Movie Review: Disney's "Cinderella" Is Perfectly Magical

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Photos: Walt Disney Pictures

In the past several years, Disney has done an impressive job of revamping adaptations of fairy tales friendly for all ages. Just last year, they morphed the story of “Sleeping Beauty” into the dark and fantastical “Maleficent.” In 2016, “The Jungle Book” will come back to life in live action form. Now Disney has rolled out the royal carpet, reintroducing the timeless tale of “Cinderella.” Between Kenneth Branagh’s directing (“Hamlet,” “Thor”), Dante Ferretti’s (“Hugo”) magnificent production design, Sandy Powell’s elaborate costumes (“The Wolf of Wall Street,” “The Tempest”) and a cast that fits just as perfectly as the glass slipper fits Cinderella, this rejuvenated fairy tale is enchanting, magical and visually stunning from start to finish.

In many ways, screenwriter Chris Weitz (“About A Boy”) drew aspects from Walt Disney's 1950 animated musical film “Cinderella,” as well as the earliest-known version of the fable. It was refreshing to see that the entire production and creative team remained loyal to the beloved animation, while still finding a way to add their own twist. The return of familiar animal characters certainly stirs a pleasant nostalgia for audiences who were so fond of the 1950 rendering. Gus and his entire crew of mice are back, along with Lucifer, the evil cat.

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From the start, it is clear that there is a depth to each character, which makes the film for both adults and children alike. We first meet the young Ella (Eloise Webb) who lives a positively merry childhood with her adoring parents (Ben Chaplin, Hayley Atwell). A dark shadow is cast over their home as soon as Ella’s mother grows sick and passes away. The years go by and Ella (Lily James) blossoms into a beautiful young lady, still filled with optimism; seeing the world through rose-colored glasses. But once her father welcomes a new ‘mother’ figure into their home, Lady Tremaine (Cate Blanchett), along with her two vicious daughters (Sophie McShera, Holliday Grainger), everything changes for the worst. And from here, most know how the story goes… Ella becomes Cinderella, the maid to her wicked step-mother.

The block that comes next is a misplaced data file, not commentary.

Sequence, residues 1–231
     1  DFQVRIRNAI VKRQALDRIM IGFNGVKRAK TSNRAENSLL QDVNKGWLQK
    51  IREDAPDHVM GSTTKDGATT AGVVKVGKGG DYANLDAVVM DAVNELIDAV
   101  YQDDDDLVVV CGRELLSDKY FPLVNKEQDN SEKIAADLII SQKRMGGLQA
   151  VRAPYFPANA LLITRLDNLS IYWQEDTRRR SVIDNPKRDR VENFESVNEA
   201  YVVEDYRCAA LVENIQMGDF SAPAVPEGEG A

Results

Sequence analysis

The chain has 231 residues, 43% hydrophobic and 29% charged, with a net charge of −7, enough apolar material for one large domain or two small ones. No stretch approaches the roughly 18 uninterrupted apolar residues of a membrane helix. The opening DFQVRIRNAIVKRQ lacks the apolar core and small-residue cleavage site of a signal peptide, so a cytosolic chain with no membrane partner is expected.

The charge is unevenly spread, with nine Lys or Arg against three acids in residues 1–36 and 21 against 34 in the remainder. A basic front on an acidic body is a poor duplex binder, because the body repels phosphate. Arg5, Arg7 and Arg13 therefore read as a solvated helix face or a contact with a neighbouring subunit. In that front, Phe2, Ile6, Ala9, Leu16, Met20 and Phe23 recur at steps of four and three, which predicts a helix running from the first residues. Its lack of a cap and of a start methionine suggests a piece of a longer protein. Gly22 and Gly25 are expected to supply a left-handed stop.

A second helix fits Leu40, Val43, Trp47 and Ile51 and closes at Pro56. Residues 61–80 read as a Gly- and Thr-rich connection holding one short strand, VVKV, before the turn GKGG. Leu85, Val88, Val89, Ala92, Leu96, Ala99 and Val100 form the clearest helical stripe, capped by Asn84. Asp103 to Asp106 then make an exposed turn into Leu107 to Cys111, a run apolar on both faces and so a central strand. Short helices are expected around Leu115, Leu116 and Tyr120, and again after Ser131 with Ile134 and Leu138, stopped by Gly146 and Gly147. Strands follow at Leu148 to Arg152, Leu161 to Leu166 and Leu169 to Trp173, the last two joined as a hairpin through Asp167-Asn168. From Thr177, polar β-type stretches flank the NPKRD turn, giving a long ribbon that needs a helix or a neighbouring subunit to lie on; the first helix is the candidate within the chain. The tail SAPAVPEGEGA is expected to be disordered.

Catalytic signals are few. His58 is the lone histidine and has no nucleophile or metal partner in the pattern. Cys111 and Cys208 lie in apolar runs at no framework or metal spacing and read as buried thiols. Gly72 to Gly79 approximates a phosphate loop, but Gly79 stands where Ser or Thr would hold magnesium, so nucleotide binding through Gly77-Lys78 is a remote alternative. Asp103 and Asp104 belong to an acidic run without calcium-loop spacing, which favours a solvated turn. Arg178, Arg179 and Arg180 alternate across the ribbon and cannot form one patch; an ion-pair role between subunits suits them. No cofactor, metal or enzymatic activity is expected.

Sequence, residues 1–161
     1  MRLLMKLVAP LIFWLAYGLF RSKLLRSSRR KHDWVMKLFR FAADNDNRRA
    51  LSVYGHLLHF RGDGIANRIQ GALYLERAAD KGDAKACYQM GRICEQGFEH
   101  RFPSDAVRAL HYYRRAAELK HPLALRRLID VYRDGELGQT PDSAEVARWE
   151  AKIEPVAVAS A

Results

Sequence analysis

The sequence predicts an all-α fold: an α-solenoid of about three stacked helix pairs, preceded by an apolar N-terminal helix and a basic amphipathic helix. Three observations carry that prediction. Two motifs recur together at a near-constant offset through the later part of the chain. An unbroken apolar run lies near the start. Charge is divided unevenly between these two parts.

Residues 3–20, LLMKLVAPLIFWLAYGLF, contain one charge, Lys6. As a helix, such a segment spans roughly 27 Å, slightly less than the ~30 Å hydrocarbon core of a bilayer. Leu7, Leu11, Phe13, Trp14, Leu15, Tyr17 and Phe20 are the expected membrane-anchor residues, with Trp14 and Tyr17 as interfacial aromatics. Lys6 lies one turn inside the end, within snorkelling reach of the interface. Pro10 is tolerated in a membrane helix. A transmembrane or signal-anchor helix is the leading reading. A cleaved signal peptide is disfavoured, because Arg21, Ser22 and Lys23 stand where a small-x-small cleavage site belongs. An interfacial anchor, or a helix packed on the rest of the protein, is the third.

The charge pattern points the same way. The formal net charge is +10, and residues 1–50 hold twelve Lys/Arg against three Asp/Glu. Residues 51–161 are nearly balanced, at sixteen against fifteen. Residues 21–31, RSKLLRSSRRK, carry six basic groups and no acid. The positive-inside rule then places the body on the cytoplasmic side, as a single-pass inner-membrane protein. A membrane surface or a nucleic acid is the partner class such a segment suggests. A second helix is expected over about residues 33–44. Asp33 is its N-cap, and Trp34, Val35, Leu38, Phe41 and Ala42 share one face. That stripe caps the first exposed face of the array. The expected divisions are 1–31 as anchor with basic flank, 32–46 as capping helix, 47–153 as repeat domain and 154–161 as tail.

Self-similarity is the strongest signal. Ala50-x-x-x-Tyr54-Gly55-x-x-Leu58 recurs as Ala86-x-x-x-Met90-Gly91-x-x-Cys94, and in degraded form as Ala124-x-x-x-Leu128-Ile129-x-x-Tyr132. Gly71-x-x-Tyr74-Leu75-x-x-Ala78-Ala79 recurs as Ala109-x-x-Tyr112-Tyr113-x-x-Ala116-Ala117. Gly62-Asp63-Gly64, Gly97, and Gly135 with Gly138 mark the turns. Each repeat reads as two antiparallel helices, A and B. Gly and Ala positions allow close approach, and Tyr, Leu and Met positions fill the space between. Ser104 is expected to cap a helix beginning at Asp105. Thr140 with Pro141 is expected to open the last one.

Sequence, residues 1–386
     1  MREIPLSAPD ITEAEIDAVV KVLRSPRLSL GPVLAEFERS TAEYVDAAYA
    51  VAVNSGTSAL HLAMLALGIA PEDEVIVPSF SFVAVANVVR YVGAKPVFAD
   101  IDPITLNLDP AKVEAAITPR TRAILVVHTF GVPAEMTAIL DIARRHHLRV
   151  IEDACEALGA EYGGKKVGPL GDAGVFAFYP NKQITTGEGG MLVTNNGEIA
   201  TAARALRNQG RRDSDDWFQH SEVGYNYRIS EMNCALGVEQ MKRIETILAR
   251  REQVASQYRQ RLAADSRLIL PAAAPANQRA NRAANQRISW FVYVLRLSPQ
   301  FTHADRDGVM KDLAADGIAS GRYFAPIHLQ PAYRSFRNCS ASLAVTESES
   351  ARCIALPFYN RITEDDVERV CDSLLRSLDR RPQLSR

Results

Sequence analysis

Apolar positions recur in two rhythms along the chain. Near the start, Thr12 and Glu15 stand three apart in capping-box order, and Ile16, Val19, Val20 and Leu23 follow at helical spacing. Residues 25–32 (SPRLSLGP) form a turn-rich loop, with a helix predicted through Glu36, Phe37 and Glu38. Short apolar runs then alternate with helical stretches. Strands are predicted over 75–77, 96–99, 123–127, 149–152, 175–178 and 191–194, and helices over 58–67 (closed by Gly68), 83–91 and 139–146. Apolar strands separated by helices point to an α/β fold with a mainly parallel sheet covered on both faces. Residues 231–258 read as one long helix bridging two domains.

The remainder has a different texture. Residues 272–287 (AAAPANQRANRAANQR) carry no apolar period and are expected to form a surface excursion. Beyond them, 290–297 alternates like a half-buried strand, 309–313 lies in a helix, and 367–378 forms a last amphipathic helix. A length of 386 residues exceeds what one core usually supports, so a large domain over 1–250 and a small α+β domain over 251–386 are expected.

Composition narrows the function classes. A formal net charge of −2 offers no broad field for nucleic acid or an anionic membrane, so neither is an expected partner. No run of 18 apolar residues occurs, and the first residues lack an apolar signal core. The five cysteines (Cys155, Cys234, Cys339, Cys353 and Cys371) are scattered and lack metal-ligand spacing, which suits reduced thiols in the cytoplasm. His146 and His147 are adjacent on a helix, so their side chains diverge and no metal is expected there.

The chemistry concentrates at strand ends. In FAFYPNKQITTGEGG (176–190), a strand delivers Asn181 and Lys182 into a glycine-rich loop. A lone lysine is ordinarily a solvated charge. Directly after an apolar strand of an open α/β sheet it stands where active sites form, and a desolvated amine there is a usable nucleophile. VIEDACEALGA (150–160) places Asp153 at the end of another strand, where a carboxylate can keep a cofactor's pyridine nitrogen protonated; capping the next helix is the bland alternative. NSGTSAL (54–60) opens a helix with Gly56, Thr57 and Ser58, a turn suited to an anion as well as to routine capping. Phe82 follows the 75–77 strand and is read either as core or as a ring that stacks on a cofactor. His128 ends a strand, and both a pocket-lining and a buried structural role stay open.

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Good casting is always vital when a studio is reworking a tale that is already embedded in all of our minds. Disney and director Kenneth Branagh made all of the right choices. Newcomer, Lily James could not be more enchanting in the title role. She brings a delightful naiveté to Cinderella, embodying the character’s inner and outer beauty, and kindheartedness. Once best known for the gritty TV series “Game of Thrones,” Richard Madden has made another mark in his major feature film debut as Prince Charming. Branagh and Weitz gave Madden a lot more to work with; from the Prince’s relationship with the King (Derek Jacobi), to his growing affection for Cinderella. Madden was not just a pretty face, but gave an equally meaningful performance. And while Cinderella is always the main draw, when Cate Blanchett fills the screen in the role of the wicked step-mother, heads will turn. For once, Lady Tremaine was given a backstory, which Blanchett electrified on screen. The supporting cast is just as wonderful, from Helena Bonham Carter’s whimsical portrayal of the Fairy Godmother, to McShera and Grainger as the obnoxious Drizella and Anastasia. Branagh reunited with Stellan Skarsgard, who was wonderfully vile as the dishonorable Grand Duke. 

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Every aspect of the film is the perfect recipe for a magical success. Together, Haris Zambarloukos’ beautiful cinematography, Dante Ferretti’s vibrant production design and Sandy Powell’s costumes created a colorful kingdom that whisks the moviegoer away to another world for 112 minutes.

Disney’s “Cinderella” is truly a fairy tale adaptation at its best. If you wish to smile from ear to ear, this is the ball to attend. In theaters March 13th.

By Pamela Price

Running Time: 112 Minutes
Rated PG for mild thematic elements

http://movies.disney.com/cinderella/  
 

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